Astra ADT40C dump truck

By: Terry Stevenson

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With a low centre of gravity for very high stability, the Astra ADT40C dump truck is built to handle difficult terrain.

Astra ADT40C dump truck
The Astra ADT40C's low centre of gravity makes it an excellent dump truck over rough terrain.
  • User-friendly transmission
  • Retard braking system allows for smoother, safer driving
  • Good stability from wide body and low centre of gravity
  • Comfortable cab
  • Good handling and impressive turning circle
  • Six wheel drive allows for driving on rough tracks

Formed in 1946, Astra now forms part of the Fiat-owned Iveco group. Astra produces an articulated dump truck range starting from the 23,200kg payload ADT25C, to the 28,160kg ADT30C, the 31,500kg ADT35C and the big 37,000kg payload ADT40C.

Astra ADTs are built for rough quarries. They are very wide and have a low centre of gravity for high stability, while the double articulation allows good contact between the six tyres and the ground, especially over difficult terrain.

Near Huntly, Enviro Landfill Trust runs a coal mining operation, a construction and demolition landfill, and will shortly become New Zealand's first (and only) approved used tyre landfill site. The company employs 20 people on one shift with John Campbell's son, Justin, as the operations manager.

Enviro Landfill Trust runs six Astra ADTs; four are 30-tonne ADT30C models and two are 40-tonne ADT40C articulated dump trucks.

The cab

Once inside the roomy climate-controlled cab, almost all external noise disappears. All of the main control functions are easy to understand for a new driver.

Once in the seat, external visibility is almost unrestricted due to the forward sloping bonnet and large windows. The easy to read analogue display includes a rev counter, transmission temperature, engine temp, fuel level, and a small digital LCD display.

I thought the biggest Astra ADT handles surprisingly well for a 29-tonne (empty) vehicle. Other than its huge 3465mm width, it was easier to drive than a normal truck. I completed a circle on full 45-degree steering lock and was impressed to see an approximate 6-7m turning circle.


The ADT40C bounced over the bumps a bit being empty, understandable since the springs are rated to carry more than double its weight. But the key feature of the Astra is that it can be driven on rough tracks.

The quarry apparently becomes a "skating rink" when it rains. "Compared to the 30-tonners, these 40-tonners have wider tyres and they slide sideways easy. They don't turn well in the wet, so you just have to keep that in the back of your mind," operator Ryan Brinkley explains.

John says, "During the wet weather we can operate where we normally wouldn't be able to with the older truck, because of the latest technology, and being six wheel drive."


The Tier 3 six-cylinder Iveco Cursor 13 diesel engine displaces 12.8 litres. The powerplant features direct injection via individual Bosch injectors, four valves per cylinder and an intercooled turbocharger with electronically controlled variable geometry blades.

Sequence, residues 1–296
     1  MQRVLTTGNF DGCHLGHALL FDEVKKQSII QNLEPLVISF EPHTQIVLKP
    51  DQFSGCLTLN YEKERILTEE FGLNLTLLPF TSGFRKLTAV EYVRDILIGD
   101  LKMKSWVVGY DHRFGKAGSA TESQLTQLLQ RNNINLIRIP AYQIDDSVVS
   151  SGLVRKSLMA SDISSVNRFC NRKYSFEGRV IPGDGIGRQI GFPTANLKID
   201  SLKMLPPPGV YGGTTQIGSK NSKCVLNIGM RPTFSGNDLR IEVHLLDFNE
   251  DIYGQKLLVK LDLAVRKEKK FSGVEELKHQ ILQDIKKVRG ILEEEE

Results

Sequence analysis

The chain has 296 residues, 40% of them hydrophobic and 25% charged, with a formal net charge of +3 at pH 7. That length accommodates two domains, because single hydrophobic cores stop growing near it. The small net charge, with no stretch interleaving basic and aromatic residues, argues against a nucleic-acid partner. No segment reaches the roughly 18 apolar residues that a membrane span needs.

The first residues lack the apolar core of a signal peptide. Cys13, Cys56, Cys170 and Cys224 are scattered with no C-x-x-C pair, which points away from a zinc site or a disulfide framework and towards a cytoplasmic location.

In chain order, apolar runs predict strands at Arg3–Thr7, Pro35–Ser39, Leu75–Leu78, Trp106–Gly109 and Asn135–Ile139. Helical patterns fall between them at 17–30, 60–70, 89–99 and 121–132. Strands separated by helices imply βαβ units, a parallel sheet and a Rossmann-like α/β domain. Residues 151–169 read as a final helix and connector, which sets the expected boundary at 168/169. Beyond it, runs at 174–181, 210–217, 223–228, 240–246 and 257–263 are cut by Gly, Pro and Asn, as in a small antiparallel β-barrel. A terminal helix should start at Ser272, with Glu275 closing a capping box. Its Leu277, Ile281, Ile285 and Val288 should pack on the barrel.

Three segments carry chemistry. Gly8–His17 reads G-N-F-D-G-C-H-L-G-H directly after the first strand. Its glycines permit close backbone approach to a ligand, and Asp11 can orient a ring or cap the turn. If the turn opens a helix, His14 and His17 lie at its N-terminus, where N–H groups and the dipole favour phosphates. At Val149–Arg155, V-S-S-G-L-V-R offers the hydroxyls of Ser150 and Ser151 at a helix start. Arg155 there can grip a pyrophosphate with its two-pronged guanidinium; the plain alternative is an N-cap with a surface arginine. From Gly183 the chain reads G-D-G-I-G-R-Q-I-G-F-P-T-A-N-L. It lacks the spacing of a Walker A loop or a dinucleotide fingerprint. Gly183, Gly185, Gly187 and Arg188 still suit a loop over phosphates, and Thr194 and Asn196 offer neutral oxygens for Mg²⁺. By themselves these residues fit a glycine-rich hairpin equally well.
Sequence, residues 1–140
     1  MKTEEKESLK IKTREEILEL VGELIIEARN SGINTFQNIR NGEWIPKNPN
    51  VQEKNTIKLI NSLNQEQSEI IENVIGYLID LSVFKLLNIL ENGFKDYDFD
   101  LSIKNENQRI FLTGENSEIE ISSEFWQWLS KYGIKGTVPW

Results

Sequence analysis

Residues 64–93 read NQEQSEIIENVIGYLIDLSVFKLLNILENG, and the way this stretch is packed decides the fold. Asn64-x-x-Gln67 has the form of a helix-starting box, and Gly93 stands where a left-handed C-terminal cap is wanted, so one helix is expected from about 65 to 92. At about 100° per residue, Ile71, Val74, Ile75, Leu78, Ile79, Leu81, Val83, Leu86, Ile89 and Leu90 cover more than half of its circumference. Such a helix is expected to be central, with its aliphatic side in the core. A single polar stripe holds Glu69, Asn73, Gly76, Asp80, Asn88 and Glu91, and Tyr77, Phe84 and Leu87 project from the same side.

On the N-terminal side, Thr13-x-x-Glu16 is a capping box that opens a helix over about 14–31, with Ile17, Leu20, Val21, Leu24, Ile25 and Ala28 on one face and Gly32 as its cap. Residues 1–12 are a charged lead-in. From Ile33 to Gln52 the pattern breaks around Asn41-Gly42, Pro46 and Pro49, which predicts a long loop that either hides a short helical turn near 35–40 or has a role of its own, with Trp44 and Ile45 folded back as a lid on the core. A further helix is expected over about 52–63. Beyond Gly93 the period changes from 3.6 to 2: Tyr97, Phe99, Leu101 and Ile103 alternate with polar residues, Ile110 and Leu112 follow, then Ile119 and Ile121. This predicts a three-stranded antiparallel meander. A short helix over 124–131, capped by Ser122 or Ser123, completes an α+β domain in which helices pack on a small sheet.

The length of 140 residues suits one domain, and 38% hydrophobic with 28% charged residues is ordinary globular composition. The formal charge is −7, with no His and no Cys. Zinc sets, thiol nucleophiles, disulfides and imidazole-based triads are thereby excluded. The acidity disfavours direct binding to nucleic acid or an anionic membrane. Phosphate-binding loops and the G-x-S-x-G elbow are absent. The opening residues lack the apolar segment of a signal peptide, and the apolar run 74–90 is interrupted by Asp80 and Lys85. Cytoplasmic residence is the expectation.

The ADT40C's Iveco motor makes its maximum 335kW (455hp) power at 2100rpm, although Brinkley said he likes to keep it spinning at around 1500rpm to get the best out of it. The engine produces a very healthy maximum 2000Nm of torque at 1400rpm.

All the gears

To get underway in a forward direction, pull to release the red park brake, press the button on top of the gear lever as you push it forward, and push the accelerator for the speed you want in automatic transmission mode, which it starts in. To change to manual mode, either press the top button a second time or simply flick the gear lever hard over. To change up gears in manual just move the lever right, and left to chop down.

"Manual mode is a must because you can see what terrain is coming up and you can start slowing down and select the gear that is best for it. Whereas if you power up a hill and it goes soft, you are going to stop because the automatic can't see that it's soft. It only chooses a gear from the feedback it gets from the engine. So manual is better control and better use of the gears, and better safety-wise too," Brinkley says.


The ZF Ergopower transmission is an automatic design with six forward and three reverse gears, in one range with a 50kmh top speed. On the Astra ADT40C all six wheels are in permanent all-wheel drive and feature automatic slip diffs, which can engage while moving.

Stopping power

The stopping system on the Astra ADT40C I drove comprised four hydraulic wet disc brakes operated by a dedicated engine-mounted gear pump and accumulators. These are backed up by the electronically controlled two-stage Iveco Turbo Brake enhanced retard system.

The exhaust brake retard system allows you to control the vehicle going downhill better under almost all situations because it is smoother.

Braking is smoother because retard stage one utilises constant engine compression to slow the vehicle downhill. Stage two is for more serious slowing, which uses engine compression and application of the wet disc brakes, and worked nicely with a full load while I was in the instructor seat.

Enviro Landfill Trust's Astra ADT30Cs are fitted with dry disc brakes, although these are also available in wet disc configuration.

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